For open source to prosper, people need to stop thinking of it as "free" and instead think of it as "connected capitalism", delegates at an open source conference in London were told on Tuesday.
Speaking at the Open Source Business Conference, Sun Microsystems' chief open-source officer, Simon Phipps, said that open source had been focused for too long on sharing code instead of what he called "the enrichment of the commons".
The open source community needed to look to the lessons of capitalism and capitalists, said Phipps. And referring to the recent announcement that billionaire Warren Buffet was donating much of his wealth to the Bill and Melinda Gates Foundation, Phipps pointed out that "Warren Buffett is driving gold — he is creating wealth".
Expanding on his message, Phipps said that the message of open source was that "creating and maintaining a completely independent code base was ultimately self-defeating".
Instead, the future was in co-operation and in organisations preserving what was ultimately of value to them.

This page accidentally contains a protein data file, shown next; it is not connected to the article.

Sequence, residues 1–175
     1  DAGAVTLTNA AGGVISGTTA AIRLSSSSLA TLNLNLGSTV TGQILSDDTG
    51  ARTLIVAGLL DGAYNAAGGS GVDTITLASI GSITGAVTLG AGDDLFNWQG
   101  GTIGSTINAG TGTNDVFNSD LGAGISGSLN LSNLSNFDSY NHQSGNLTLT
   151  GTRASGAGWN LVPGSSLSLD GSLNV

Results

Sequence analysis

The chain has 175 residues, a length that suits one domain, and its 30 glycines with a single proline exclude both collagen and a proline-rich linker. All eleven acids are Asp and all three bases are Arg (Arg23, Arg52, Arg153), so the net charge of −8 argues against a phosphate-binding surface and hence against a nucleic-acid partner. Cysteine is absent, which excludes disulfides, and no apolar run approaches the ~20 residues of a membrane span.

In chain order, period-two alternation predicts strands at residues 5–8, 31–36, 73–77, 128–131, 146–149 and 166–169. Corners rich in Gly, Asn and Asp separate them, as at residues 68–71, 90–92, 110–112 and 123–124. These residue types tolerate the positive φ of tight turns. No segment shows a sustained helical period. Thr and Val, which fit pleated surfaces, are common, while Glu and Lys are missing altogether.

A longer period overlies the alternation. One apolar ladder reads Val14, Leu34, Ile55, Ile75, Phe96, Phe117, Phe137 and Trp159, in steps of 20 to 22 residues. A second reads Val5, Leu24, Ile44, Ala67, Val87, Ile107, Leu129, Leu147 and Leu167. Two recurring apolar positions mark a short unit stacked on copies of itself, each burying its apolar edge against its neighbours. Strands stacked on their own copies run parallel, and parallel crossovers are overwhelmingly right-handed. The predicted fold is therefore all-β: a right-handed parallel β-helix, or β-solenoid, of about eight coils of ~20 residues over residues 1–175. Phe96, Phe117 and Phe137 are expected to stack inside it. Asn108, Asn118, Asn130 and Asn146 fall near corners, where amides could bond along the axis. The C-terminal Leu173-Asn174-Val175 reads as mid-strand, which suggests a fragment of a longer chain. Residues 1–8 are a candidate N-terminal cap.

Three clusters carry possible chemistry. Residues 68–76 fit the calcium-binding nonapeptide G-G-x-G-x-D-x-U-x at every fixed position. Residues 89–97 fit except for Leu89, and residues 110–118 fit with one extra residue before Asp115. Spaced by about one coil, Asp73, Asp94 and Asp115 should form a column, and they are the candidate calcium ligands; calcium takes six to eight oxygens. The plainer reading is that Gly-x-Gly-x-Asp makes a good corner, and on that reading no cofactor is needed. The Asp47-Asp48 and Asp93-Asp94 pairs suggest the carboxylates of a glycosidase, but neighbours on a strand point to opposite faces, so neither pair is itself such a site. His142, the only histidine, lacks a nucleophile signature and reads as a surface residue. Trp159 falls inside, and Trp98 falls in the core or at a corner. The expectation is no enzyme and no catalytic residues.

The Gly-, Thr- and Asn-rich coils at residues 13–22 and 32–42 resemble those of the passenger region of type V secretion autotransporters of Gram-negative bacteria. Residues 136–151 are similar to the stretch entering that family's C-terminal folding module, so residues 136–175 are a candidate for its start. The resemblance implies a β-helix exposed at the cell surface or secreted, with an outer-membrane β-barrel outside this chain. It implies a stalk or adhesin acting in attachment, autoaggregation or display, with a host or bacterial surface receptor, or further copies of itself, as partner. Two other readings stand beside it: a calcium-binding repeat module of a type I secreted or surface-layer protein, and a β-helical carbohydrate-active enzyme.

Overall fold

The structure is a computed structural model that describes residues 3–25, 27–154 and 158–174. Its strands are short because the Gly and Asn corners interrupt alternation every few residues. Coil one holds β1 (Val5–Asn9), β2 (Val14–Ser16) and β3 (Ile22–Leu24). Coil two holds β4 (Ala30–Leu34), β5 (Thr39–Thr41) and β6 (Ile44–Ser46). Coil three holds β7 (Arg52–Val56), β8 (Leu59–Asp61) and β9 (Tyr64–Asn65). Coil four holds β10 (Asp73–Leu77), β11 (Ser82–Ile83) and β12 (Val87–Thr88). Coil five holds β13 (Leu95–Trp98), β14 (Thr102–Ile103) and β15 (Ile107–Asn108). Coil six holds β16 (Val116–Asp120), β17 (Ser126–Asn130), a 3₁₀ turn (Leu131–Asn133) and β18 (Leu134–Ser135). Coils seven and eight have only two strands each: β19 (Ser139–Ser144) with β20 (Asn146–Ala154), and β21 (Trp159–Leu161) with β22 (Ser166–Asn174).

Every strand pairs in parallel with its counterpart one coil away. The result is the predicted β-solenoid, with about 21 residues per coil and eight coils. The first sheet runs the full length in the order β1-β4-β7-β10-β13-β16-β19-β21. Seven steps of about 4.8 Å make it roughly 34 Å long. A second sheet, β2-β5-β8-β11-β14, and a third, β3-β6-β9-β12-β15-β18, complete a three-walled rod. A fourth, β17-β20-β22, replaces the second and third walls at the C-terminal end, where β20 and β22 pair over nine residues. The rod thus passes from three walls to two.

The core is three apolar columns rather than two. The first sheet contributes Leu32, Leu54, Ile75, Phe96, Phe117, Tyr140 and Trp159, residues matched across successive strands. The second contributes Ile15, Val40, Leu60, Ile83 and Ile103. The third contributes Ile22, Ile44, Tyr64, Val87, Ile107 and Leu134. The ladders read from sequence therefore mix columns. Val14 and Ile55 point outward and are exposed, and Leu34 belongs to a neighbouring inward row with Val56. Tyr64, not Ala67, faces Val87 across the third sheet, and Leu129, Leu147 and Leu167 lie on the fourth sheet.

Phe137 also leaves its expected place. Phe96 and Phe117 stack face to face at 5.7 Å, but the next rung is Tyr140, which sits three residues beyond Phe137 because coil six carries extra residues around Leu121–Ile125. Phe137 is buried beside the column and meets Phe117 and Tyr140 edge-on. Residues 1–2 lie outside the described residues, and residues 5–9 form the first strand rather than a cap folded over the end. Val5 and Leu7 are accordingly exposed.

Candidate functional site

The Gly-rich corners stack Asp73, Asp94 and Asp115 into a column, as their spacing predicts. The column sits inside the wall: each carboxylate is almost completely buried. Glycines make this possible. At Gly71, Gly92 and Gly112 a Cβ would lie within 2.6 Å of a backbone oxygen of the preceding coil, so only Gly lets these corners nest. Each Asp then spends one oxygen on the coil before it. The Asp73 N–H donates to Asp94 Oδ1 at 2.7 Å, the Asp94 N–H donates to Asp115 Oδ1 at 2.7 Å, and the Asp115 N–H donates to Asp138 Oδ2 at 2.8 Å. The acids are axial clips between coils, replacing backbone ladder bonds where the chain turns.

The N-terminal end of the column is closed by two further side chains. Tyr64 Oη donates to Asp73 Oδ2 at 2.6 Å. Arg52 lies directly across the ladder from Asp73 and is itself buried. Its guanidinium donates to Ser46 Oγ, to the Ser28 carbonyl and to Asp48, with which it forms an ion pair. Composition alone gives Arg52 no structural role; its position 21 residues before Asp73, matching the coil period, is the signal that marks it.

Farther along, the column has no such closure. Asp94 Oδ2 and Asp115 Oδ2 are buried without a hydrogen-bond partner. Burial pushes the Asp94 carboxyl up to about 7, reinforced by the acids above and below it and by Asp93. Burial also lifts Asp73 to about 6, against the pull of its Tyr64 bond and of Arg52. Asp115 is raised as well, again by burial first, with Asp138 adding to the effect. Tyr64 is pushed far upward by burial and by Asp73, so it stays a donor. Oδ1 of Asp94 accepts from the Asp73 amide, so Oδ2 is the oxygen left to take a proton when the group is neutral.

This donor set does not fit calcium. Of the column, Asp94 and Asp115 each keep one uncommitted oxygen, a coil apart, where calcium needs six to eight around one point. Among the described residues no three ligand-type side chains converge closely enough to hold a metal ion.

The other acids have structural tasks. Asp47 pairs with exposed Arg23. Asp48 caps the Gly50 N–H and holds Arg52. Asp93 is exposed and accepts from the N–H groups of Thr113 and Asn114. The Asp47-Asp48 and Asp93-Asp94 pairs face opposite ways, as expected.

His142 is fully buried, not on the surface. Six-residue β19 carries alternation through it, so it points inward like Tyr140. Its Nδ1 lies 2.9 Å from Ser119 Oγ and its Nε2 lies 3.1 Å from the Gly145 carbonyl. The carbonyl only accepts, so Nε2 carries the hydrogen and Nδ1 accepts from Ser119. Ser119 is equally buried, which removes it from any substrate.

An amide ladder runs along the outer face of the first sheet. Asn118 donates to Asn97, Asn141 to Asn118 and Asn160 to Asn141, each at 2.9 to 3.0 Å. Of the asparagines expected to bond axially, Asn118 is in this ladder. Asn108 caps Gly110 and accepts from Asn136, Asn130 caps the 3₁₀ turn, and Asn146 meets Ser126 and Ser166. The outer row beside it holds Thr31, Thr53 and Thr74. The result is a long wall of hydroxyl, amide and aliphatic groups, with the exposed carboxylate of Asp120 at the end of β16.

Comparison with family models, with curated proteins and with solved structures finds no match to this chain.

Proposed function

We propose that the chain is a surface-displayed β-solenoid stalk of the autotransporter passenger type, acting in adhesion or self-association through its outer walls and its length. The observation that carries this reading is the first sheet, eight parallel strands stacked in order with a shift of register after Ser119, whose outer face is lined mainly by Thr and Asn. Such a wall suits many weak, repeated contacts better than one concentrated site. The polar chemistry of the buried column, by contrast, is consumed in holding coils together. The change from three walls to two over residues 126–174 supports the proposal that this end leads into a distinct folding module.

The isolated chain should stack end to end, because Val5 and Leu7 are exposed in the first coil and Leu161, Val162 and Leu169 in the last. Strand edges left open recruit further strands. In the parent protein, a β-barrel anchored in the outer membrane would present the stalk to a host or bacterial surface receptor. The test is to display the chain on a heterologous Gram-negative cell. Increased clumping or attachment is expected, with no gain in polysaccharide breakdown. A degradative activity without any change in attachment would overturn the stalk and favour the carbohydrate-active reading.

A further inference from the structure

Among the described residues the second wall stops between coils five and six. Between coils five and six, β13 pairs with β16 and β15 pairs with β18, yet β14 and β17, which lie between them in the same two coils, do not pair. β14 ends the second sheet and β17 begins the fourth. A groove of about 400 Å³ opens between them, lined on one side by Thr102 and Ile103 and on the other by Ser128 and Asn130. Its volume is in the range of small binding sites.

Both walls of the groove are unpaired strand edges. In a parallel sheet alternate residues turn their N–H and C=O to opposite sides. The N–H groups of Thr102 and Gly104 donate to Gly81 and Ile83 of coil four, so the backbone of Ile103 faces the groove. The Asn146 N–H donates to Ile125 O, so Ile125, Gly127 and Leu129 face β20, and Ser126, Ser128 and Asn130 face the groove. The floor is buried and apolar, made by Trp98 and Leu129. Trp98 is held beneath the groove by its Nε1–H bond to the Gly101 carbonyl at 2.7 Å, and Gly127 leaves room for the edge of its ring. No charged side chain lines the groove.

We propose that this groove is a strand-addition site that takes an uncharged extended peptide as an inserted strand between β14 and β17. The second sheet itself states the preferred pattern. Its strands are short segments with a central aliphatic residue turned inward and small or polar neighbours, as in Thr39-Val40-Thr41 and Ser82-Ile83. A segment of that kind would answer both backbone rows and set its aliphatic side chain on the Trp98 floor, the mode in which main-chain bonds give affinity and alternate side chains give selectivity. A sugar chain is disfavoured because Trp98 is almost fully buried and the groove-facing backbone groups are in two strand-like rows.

"This is not volunteerism," said Phipps. "It is directed self-interest, synchronised self-interest and there is nothing wrong with self-interest."
And Phipps took time out to take a swipe at some of the exhibitors at the conference who were selling professional advice on negotiating the open source "legal minefield".
"I disagree with those who say who say open source is a legal minefield," he said as he threw from the stage a brochure from one firm of lawyers. "If you think open source is a minefield you're doing it wrong."
But while Phipps was happy to be outspoken in his presentation, he was moved to silence in at least one area. In introducing Phipps, the conference chairman and vice president of the ECM company Alfresco, Matt Asay, said that he hoped that he was "going to hear today that Sun has decided to open source Java". Phipps remained silent on the subject.
Asay made his presentation a call to arms arguing that it was time for "Europe to re-assert itself in open source". There was no doubt that open source was "very, very big" in Europe, Assay said, quoting Gartner research that says that 81 percent of companies in Europe have deployed open source. However, he also warned that some of the initiative in business use was moving elsewhere.
The Open Source Business Conference has been run in the US before. This week's two-day conference in London is the first that had been held in the UK.